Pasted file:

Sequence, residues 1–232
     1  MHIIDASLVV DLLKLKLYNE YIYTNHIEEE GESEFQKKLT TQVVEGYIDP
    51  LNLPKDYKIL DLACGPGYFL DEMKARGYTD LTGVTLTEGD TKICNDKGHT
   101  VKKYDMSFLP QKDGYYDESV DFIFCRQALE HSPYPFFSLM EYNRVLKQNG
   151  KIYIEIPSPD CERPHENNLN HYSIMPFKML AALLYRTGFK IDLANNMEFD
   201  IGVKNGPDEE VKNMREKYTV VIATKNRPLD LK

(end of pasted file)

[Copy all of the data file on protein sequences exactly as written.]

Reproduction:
Sequence, residues 1–232
     1  MHIIDASLVV DLLKLKLYNE YIYTNHIEEE GESEFQKKLT TQVVEGYIDP
    51  LNLPKDYKIL DLACGPGYFL DEMKARGYTD LTGVTLTEGD TKICNDKGHT
   101  VKKYDMSFLP QKDGYYDESV DFIFCRQALE HSPYPFFSLM EYNRVLKQNG
   151  KIYIEIPSPD CERPHENNLN HYSIMPFKML AALLYRTGFK IDLANNMEFD
   201  IGVKNGPDEE VKNMREKYTV VIATKNRPLD LK